...where distraction is the main attraction.

Wednesday, November 29, 2017

Japanese Whisky? Nikka Pure Malt White

On Monday I pondered the definition of Japanese whisky. On Tuesday, I reviewed a whisky blended in Japan, by a Japanese producer, which may have had Scottish-distilled malt in it. The whisky was Nikka Pure Malt Black, and nowhere on its labels was the phrase "Japanese Whisky". Today, I'm reviewing one of its siblings.

I'd always thought Nikka Pure Malt White was supposed to have had Caol Ila in it. With no idea where I'd originally heard that rumor, I did some googling. I found a couple European retailers claiming there was Caol Ila in the mix. At least a dozen bloggers' reviews say the same. Nonjatta references the CI rumor, but states quite plainly: "This one, the white, is a bit different: it is based on whisky from Islay in Scotland." The comment section in Whiskynotes's review furthers this discussion. But there's no official source for any of this.

But then there's The Whisky Exchange 2015 interview with Nikka's European brand ambassador, Sayumi Oyama:
"[On rumours there is Ben Nevis in Nikka Pure Malt White] We try to use only Japanese whisky, but I think today it is necessary to use malt from other countries."
First off, what Ben-Nevis-in-Pure-Malt-White rumors are they talking about? The Ben Nevis rumors were about Pure Malt Black. The White rumors were regarding Islay malt.

Secondly, I'd say the brand ambassador's answer is a big YES. About something.

Like Pure Malt Black, there's no reference to "Japanese Whisky" on the Pure Malt White bottle. So what is it?

It's remarkable.

: Nikka
Brand: Pure Malt
Type: Blended Malt
Region: Japan (and others?)
Distilleries: Miyagikyo and Yoichi (and others?)
Age: ???
Maturation: ???
Bottling code: 6/02E400907
Alcohol by Volume: 43%

Avert your eyes. Loquacity approaches.

The nose spins orange peel, mint leaves, dried apricots, almond cookies and damp peat smoke together. Beach air, black licorice, green apples and Kasugai peach candy. A box of Werther's Originals in a dusty closet.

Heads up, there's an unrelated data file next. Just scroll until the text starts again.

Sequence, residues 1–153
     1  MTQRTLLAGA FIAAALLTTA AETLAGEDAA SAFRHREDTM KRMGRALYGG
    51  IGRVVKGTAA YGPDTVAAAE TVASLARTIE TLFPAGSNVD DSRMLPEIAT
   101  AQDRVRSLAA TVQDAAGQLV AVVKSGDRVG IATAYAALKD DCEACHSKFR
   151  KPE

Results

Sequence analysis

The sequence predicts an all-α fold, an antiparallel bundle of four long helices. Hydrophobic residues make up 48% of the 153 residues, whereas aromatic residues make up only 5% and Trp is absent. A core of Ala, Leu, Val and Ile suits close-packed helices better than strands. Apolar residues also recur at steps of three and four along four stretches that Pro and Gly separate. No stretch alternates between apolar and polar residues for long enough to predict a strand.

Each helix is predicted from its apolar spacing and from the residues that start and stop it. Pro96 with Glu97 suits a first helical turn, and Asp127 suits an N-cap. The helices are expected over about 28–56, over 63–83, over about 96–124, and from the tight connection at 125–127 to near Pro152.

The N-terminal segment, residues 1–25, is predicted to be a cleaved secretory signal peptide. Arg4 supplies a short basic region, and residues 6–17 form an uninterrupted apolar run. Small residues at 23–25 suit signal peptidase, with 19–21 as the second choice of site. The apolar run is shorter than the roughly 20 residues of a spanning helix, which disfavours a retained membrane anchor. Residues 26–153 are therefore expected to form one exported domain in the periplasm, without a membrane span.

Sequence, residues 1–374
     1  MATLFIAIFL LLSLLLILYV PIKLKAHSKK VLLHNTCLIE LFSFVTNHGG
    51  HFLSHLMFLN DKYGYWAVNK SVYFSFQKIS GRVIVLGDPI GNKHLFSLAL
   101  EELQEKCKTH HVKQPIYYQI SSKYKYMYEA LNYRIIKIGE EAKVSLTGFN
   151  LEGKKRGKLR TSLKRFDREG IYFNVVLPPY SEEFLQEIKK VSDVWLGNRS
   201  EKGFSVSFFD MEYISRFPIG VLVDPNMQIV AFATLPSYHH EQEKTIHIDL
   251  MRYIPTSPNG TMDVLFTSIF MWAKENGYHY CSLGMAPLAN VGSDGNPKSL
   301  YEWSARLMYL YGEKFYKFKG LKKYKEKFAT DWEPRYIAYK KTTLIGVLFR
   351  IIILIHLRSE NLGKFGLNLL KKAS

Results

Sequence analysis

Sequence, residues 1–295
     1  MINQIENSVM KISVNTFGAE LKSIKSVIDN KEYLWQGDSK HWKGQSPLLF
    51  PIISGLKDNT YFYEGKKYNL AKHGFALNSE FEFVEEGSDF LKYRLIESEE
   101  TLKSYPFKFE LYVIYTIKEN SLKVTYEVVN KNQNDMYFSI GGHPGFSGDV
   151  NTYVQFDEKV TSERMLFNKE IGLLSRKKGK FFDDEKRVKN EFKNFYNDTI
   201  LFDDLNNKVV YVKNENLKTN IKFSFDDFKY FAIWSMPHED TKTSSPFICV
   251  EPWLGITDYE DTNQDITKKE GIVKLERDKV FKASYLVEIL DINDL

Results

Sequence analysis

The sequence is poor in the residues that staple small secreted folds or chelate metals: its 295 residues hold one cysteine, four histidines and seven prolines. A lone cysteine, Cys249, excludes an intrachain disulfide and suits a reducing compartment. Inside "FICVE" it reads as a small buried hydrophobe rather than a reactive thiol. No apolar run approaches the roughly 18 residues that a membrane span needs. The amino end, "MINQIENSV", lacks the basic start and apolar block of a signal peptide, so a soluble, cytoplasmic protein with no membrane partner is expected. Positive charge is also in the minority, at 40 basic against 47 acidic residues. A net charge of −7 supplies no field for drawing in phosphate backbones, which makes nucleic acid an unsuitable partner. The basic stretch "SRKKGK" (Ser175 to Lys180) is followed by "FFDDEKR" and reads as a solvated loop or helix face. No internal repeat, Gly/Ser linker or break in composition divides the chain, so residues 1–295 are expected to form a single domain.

The palate has an consistent undercurrent of baking spices and mizunara(?) wood spice. An exotic smoked sea salt. Umeboshi (yes, that again) and plum wine. A light cherry candy sweetness. Hints of burlap, eucalyptus and malt.

There's a lovely fresh herb and Kilkerran-like forest floor (flor?) combination in the finish, which meets up with a mineral note. The smoky sea salt finds equilibrium with a subtle sweet note. And then at the end of end, a moment of OBE-esque funk.

Yes. I opened this bottle up on Sunday night, took my first sip and said, "Oh. Oh this is fabulous." And I don't say things like that.

What it reminds me of is not Caol Ila or any other Islay malt, but rather Yoichi. Good Yoichi. The Yoichi that corrupted some of us before the age-stated stuff went out of production and quintupled in price. Yet, Pure Malt White also has big time fruit notes on the nose and curious spices everywhere.

Because it's not a cask strength thing, Pure Malt White works best when a father captures a rare silent moment. I won't call it meditative (because it's whisky) but it needs quiet.

I don't know how they did it, nor why no one in Scotland has been able to design a standard blended malt of this quality. At 43%abv.

PLEASE NOTE: I have seen Pure Malt White's reviews around the internet and they all make me look totally insane. So please just pass this review off as hyperbolic nonsense. That's okay. Let me cuddle up within my madness.

Availability - A dozen or so European shops, unsure about its status in Japan
Pricing - $60-$100 in Europe (w/shipping, 500mL bottle)
Rating - 90


  1. If these are still in ongoing production, I'm a little confused why they haven't been released in the US. Ditto for Nikka From the Barrel. Are they really so attached to the 500 mL bottles?

    1. Not totally sure what the production status is of the Pure Malts. The White has disappeared from Nikka's website. And, other than Red, they're difficult to find in Japan (at least for me).

      Regarding the US, I wonder if it's a matter of volume. Would they have enough whisky to meet the US demand? We're voracious buyers. The age-stated Nikka single malts lasted no more than two years in the US before they went out of production.

      These are all guesses. Someday, when I do some actual reporting and talk to a non-marketing Nikka employee, I hope to get some clarity on this.